On the ground in Mirabel
After dealing with the media, Prud’Homme and other members of Nolinor’s management team rolled up their sleeves and got to work helping unload the aircraft.
The ground crew had already been at it for three hours at that point, and faced another four getting the boxes full of medical gowns out of the fuselage and into transport trucks.
While most of the boxes were eventually moved out by hand in a line, Nolinor began the unloading process by using a series of aircraft belt loaders. While that helped to expedite the process initially, the wind factor mixed with the size of the Antonov’s fuselage prevented the team from continuing with the mechanical assistance.
“We had three belt loaders unloading in the cabin that all run on fuel. So when you have three engines running around, and the wind pushing the air slowly but surely inside [the massive cabin], there were a lot of fumes and at one point someone started to get sick. So we realized we had a problem,” explained Prud’Homme. “We shut all those down, removed everyone from the interior, waited a bit, and then we put some rollers in.”
With 16 rollers in place, much like the ones that can be found at the end of grocery store checkouts, the ground crew formed a line and started unloading by hand. Several members climbed atop the boxes and handed them down to workers waiting at the beginning of the line of rollers. From there, the boxes were hand-fed along the rollers to the back of the trucks, where more crew were stationed for the loading process. It was a total team effort, Prud’Homme said, one designed to ensure “that no box stopped along the way.”
While the work crew initially tried to respect social distancing measures, “at the end it was hard to keep, because we had to form a chain,” said Prud’Homme. Working in close proximity to unload the aircraft was the team’s only option, and although most of them began the night wearing medical masks, the labour-intensive operation made it all the more difficult to breathe through them as the shift wore on.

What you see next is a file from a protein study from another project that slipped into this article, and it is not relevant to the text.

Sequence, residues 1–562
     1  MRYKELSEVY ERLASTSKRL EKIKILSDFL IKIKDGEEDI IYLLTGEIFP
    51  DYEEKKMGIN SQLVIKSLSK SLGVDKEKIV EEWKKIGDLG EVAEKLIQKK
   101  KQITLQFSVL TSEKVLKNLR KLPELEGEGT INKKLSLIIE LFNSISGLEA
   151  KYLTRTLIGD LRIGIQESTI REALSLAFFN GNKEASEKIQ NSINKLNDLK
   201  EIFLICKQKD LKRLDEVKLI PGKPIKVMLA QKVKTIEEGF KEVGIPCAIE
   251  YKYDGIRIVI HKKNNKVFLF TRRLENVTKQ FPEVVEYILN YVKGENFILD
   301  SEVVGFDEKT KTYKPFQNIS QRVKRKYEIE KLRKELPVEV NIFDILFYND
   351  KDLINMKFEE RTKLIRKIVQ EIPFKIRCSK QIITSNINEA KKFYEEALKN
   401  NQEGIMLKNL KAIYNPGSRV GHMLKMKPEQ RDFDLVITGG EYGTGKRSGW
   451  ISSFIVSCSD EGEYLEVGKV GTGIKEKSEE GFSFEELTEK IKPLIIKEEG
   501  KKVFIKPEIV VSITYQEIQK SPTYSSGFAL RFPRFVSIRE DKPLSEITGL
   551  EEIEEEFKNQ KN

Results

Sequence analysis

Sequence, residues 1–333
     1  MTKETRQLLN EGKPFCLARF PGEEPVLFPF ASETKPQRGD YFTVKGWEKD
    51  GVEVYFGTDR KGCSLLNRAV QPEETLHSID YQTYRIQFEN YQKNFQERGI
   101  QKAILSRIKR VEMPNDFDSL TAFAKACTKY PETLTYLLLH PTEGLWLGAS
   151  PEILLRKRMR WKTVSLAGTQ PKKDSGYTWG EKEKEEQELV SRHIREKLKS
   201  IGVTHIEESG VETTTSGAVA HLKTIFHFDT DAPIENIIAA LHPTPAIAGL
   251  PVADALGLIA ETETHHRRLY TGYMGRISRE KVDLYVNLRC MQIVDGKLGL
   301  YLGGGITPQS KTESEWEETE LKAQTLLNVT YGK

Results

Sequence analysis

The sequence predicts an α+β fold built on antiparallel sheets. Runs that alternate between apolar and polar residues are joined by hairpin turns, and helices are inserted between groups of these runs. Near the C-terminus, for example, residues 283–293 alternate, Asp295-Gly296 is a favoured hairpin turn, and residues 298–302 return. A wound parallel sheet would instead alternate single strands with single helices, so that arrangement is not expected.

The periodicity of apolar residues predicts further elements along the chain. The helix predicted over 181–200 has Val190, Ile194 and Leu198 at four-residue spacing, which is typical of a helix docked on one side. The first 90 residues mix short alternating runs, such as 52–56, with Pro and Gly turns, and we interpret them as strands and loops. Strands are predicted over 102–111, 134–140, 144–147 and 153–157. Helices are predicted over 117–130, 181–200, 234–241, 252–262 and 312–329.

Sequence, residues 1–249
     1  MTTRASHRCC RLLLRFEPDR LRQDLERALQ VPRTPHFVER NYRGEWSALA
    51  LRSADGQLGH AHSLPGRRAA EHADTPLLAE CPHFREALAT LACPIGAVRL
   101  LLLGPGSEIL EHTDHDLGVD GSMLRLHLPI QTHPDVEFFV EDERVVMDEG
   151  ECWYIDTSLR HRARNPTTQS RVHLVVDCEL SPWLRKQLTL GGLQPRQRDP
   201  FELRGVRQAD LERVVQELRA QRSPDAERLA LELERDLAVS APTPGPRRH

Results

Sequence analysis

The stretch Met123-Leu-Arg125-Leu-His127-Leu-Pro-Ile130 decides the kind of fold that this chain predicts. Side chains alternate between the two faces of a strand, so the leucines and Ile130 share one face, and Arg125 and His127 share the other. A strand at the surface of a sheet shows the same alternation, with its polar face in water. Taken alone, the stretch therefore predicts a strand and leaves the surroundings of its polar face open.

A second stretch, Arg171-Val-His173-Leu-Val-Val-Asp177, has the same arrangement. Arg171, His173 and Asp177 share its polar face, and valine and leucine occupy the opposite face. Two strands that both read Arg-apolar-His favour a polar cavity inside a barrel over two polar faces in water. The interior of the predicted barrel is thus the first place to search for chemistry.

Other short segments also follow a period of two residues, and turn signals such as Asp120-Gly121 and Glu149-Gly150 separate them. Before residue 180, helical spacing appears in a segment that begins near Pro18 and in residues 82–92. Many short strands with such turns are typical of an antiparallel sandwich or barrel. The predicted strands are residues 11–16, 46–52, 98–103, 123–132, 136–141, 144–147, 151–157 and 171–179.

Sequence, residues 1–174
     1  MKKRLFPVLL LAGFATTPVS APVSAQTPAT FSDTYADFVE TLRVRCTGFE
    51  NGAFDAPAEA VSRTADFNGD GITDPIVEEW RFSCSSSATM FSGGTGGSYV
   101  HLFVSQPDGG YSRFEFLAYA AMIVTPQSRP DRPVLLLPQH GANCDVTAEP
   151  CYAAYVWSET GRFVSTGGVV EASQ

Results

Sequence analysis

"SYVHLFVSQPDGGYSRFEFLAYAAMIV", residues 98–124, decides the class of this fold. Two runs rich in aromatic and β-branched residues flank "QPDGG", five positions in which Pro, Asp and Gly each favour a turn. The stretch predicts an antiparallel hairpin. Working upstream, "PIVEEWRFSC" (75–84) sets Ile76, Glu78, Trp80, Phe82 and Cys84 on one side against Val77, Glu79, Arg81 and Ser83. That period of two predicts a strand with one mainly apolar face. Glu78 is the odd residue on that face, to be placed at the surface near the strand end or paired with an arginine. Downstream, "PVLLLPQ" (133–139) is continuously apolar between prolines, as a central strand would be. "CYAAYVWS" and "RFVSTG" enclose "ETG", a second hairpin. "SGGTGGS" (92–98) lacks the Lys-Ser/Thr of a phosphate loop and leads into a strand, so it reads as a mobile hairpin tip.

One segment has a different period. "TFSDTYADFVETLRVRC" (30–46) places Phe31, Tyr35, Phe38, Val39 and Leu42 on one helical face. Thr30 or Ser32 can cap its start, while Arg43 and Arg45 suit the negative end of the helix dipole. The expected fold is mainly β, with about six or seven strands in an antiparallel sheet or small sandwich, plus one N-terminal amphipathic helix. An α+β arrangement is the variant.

“We tried as much as we could, but it was not easy to do so … I would say it was more intensive work than we had anticipated. Even though the boxes weren’t heavy [initially], when you’re carrying them for five hours, they do become heavy.
“But I think it was a risk that everyone on the team knew about and the goal was to help — we brought thousands of blouses to protect the folks working in the health system here,” Prud’Homme added. “So I think we had a bigger scope of what we were doing rather than simply unloading an aircraft.”
Twenty-five people, in two teams, worked for seven hours to get those boxes out of the plane and into the back of the trucks — a massive effort on par with the scale of the gigantic aircraft itself.
At the end of the shift, after all the trucks were loaded up and on their way to medical sites throughout Quebec, the exhausted ground crew stuck around.
“Pretty much everyone there was an aviation enthusiast. So having the opportunity and the chance to unload this type of aircraft, everybody was quite happy,” said Prud’Homme. “By the last truck, people were kind of tired and looking forward to the end of it, because we were starting to see the sunrise. But even then, we stayed a little bit longer to see the aircraft take off.”
Who could blame them? The mighty Antonov An-225 was in town for the first time in almost a decade and was only staying the night. For the same reasons that drew the crowd of media members and aviation enthusiasts the prior evening, the exhausted crew stuck around a little while longer after the job was done — to witness one of the most awe-inspiring sites in aviation as the massive An-225 took to the sky.